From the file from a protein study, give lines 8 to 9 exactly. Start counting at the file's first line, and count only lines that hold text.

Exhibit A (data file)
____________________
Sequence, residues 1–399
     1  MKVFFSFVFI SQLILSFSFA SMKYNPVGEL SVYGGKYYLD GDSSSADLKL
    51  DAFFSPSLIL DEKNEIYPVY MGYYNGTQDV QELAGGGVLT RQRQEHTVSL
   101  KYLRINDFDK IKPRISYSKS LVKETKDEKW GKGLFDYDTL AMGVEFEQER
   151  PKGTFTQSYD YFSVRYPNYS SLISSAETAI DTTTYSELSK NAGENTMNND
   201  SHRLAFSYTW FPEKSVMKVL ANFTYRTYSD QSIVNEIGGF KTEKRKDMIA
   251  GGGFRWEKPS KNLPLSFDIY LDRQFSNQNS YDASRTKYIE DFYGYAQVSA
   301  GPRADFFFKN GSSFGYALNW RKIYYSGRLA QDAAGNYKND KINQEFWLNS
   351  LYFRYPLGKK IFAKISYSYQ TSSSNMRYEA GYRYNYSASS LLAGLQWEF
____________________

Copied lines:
   301  GPRADFFFKN GSSFGYALNW RKIYYSGRLA QDAAGNYKND KINQEFWLNS
   351  LYFRYPLGKK IFAKISYSYQ TSSSNMRYEA GYRYNYSASS LLAGLQWEF